The Early Han Dynasty
206 BCE - 9 AD
From the turbulent Ch'in dynasty a rebel leader, Liu Pang, arose to seize control of the former Ch'in empire. He proclaimed himself emperor in 206 BCE. He established the Han dynasty which would become the most durable dynasty of the imperial age. The Han empire was established using what the Ch'in had already set up. The only difference is that some of the policies were modified, especially those that had caused the Ch'in collapse. Taxes were also reduced drastically, while the government played a smaller role in the economic policies.
One of important contributions of the Han was the establishment of Confucianism as the official ideaology over Legalism. The Confucianism was not the pure studies of Confucius, but a conglomeration of various other philosphies and superstitions to augment the complex and sparse teachings of Confucius. This changed the way that the empire was run. Before, emperors appointed people to positions regardless of thier competence. Now, the emperors chose the people they thought were the best suited for the job based on merit. Written examinations were used to identify the best qualified people for the job. In the 2nd cnetury BCE, an imperial university was established to teach students the five classics of the Confucian school to prepare them to become bureaucrats.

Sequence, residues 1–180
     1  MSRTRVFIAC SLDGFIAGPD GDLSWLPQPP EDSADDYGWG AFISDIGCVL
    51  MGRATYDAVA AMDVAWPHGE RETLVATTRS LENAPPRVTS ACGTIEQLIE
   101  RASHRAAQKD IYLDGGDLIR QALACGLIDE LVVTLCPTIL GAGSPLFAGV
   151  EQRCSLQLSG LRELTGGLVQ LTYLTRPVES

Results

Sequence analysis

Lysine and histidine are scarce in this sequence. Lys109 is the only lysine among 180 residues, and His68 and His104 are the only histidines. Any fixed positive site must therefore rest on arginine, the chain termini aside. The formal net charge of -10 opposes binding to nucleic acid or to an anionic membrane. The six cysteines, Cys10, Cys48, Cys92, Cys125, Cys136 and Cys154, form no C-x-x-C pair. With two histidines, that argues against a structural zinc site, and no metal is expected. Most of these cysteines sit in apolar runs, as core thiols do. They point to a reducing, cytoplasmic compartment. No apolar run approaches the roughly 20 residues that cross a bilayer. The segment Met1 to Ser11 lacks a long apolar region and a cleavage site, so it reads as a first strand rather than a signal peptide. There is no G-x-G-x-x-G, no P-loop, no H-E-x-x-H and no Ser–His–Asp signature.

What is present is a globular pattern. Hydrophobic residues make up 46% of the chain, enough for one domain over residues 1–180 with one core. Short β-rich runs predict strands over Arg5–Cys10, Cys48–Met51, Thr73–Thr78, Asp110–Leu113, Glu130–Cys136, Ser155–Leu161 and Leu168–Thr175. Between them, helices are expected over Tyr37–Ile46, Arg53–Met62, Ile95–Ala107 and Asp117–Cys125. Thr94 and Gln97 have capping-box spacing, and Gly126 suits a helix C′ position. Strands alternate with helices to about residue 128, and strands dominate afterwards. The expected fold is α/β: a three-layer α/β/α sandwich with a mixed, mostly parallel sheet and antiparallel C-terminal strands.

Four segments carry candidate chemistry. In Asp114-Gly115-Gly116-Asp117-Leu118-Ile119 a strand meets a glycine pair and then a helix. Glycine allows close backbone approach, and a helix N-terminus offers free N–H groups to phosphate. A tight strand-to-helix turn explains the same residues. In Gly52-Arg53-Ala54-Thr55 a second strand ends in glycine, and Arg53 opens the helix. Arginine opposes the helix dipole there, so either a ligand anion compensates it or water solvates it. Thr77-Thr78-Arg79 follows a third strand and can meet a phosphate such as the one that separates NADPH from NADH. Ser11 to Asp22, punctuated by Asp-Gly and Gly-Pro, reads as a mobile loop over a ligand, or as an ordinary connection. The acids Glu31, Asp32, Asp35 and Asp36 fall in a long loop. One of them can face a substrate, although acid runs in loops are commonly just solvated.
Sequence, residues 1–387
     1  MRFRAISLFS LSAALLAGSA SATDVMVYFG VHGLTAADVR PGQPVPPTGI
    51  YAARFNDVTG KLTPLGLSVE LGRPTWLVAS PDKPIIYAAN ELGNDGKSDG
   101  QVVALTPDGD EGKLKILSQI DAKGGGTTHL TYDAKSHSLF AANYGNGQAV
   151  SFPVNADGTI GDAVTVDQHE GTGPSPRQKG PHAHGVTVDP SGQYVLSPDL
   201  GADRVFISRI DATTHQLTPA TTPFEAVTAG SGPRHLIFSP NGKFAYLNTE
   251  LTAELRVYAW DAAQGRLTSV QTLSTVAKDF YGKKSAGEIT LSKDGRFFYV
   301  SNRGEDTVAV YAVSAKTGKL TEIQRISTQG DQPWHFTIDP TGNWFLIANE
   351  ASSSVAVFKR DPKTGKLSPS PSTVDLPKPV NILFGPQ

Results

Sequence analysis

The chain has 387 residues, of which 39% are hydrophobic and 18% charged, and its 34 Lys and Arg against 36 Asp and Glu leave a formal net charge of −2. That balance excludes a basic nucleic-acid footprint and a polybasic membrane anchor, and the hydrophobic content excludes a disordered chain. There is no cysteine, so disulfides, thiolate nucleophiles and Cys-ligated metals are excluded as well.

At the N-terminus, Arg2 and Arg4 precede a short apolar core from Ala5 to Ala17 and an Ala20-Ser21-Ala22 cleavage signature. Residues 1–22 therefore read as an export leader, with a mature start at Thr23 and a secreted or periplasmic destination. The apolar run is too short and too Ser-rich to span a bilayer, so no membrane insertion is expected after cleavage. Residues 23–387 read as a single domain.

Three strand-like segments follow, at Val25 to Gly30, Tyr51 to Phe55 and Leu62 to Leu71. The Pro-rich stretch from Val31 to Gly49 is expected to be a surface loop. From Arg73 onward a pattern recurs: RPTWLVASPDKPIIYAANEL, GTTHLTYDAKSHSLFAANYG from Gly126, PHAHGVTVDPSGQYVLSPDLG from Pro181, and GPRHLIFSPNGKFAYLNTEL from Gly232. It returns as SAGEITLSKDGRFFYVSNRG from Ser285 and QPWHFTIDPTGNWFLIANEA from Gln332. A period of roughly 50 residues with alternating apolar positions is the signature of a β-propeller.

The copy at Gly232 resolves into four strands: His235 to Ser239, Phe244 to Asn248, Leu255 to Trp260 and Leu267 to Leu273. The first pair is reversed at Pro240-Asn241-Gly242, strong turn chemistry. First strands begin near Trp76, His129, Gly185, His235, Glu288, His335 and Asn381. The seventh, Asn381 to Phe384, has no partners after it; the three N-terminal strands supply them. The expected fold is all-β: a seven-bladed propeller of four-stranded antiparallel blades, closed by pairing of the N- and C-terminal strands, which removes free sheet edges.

The height of the Han empire was under the rule of Emperor Wu Ti, who ruled the Han empire from 140 to 87 BCE. Emperor Wu wanted to expand his kingdom and did, but at a price. The once abundent coffers of the Han kingdom, collected in the days when the government was hands off regarding the economy, were empty. This led to the re-establishing of the legalist philosophy; taxes and old policies were reinstated. This did not go well with the people and large land owners opposed the centeral government by refusing to pay taxes. The government overlooked the large land cases and over-taxed the peasants. The peasants did not like the change and a revolt ensued.
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